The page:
Regardless of whether the demonstrators actually affected proceedings in the Court or the outcome of the case, the rally should be remembered as a symbolic message to the people of the United States that we must continue to fight to ensure equal justice for all and to support equal access to education.

Robinson Romero is AFJ's Outreach Intern 

Thursday, October 11, 2012

From the “Concurring Opinions” blog: Professor Sherrilyn Ifill on Fisher v. University of Texas: Still litigation without minority representation

Prof. Sherrilyn Ifill of the University of Maryland Francis King Carey School of Law was one of the experts featured in AFJ’s 2011 Documentary, A Question of Integrity: Politics, Ethics and the Supreme Court.  A nationally-recognized expert on civil rights litigation, she analyzed the affirmative action case argued before the Supreme Court yesterday for the Concurring Opinions Blog.  She focuses on a group with a huge stake in the outcome that was left out of the case:

Prof. Ifill
Since the Bakke v. California case, higher education affirmative action cases have largely been litigated between white applicants who claim they were excluded from university admissions as a result of affirmative action, and historically white universities who have in the last 30 years sought to diversify their student bodies.  Minority students, whose interests are deeply affected by the litigation in these cases, are often relegated to the sidelines.

Read the full post at Concurring Opinions

Here’s how Adam Serwer of Mother Jones described oral argument in the case:

Three white lawyers argued before a mostly white Supreme Court on Wednesday about whether the University of Texas-Austin's admissions process—designed to diversify its student body—discriminated against a white applicant.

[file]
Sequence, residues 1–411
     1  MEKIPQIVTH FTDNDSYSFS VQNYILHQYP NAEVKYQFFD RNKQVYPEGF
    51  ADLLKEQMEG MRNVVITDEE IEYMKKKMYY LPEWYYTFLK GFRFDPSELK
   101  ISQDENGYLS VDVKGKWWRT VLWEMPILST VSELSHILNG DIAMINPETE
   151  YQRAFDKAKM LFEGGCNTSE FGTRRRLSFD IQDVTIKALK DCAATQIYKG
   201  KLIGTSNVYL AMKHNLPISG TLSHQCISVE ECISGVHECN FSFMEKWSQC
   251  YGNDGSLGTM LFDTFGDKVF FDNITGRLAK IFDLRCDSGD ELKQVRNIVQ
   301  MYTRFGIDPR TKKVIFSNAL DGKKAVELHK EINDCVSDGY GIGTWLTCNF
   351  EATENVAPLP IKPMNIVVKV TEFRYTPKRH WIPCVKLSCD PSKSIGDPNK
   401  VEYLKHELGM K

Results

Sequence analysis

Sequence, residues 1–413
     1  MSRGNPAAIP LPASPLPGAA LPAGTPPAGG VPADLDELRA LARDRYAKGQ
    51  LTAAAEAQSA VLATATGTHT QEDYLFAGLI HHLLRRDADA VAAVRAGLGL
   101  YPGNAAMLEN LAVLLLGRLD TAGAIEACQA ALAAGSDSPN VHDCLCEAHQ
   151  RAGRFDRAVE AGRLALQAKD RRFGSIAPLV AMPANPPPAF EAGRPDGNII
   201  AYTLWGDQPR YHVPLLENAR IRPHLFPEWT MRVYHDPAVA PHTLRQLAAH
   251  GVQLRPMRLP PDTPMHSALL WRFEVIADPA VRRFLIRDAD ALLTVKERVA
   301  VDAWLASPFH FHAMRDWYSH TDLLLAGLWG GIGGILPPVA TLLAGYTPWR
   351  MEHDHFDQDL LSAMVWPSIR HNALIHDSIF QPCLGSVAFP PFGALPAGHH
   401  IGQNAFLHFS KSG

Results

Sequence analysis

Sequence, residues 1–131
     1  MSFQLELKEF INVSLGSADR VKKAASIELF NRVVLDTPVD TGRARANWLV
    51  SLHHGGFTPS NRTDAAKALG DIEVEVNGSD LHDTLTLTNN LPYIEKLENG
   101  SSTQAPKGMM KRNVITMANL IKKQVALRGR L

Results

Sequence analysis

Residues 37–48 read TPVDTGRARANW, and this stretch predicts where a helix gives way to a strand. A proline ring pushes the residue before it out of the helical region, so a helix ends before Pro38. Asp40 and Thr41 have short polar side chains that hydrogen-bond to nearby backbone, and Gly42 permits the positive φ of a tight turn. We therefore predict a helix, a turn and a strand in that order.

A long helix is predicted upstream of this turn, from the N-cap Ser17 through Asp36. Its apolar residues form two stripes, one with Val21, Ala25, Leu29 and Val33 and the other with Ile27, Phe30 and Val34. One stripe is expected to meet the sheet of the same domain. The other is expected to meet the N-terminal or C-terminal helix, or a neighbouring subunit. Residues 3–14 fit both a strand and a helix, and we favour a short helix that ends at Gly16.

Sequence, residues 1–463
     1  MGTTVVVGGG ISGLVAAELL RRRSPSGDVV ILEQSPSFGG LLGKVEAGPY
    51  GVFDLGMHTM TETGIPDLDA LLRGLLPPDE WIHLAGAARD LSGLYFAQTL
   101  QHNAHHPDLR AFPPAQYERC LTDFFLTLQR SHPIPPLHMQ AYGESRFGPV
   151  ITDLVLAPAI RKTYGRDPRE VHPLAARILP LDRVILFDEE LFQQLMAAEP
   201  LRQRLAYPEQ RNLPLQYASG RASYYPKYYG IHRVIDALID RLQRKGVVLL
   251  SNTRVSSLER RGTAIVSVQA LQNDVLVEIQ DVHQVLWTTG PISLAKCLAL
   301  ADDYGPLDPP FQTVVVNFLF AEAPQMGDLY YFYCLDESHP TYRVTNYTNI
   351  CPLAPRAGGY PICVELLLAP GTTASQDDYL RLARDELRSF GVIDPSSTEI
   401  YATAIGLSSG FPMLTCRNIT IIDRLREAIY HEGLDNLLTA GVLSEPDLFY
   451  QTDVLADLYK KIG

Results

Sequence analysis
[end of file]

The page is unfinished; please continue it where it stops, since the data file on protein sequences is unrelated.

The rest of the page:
Read his full story here

See also:
A recap of the oral argument from SCOTUSblog

It's all one more reminder of why judges matter, and how much difference a single vote can make on the Supreme Court.

Wednesday, October 10, 2012

From Media Matters: Myths and facts about affirmative action, higher education, and the Constitution

With the Supreme Court scheduled to hear arguments today on affirmative action in higher education, Media Matters for America has an excellent rundown of some of the myths and facts about the topic.

As Media Matters explains:
Affirmative action policies that will come before the Supreme Court in the upcomingFisher v. University of Texas case have long been the target of right-wing misinformation that distorts the benefits of diversity in higher education. Contrary to the conservative narrative in the media, these admissions processes serve important national interests by promoting equal opportunity and are based on long-standing law.


To read the full post click here.